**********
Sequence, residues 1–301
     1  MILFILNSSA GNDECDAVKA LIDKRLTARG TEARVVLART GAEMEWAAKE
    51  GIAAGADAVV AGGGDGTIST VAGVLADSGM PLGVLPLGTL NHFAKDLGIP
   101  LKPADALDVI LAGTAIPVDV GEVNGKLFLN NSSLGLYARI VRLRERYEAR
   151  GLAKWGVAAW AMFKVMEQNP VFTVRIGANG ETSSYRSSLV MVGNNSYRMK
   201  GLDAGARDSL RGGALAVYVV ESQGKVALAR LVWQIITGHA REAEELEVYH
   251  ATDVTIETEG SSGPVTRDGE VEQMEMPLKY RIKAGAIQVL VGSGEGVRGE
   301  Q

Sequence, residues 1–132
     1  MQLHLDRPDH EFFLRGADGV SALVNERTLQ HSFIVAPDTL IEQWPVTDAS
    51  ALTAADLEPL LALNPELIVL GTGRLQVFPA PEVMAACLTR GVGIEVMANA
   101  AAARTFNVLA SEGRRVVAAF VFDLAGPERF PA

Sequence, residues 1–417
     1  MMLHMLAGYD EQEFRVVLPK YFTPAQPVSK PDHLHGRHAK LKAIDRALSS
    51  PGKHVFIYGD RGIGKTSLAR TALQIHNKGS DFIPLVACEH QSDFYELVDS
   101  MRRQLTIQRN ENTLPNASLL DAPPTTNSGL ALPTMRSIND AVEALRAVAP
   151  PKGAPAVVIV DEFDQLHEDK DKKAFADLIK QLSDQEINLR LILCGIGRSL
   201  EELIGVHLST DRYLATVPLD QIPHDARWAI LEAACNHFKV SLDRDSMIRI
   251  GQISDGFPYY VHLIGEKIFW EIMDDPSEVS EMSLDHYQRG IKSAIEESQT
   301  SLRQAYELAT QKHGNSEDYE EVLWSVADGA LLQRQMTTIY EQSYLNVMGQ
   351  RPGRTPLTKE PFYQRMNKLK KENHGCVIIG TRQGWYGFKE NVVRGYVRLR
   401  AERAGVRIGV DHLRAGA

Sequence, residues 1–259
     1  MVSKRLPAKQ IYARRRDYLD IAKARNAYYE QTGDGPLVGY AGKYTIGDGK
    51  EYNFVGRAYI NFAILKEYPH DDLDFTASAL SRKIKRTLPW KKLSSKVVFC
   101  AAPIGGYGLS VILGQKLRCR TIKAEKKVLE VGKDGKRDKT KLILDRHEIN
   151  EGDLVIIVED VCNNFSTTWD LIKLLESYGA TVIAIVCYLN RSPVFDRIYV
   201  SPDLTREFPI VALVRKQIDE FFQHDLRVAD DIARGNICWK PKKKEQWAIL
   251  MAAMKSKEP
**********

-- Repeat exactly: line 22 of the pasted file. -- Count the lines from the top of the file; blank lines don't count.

   401  AERAGVRIGV DHLRAGA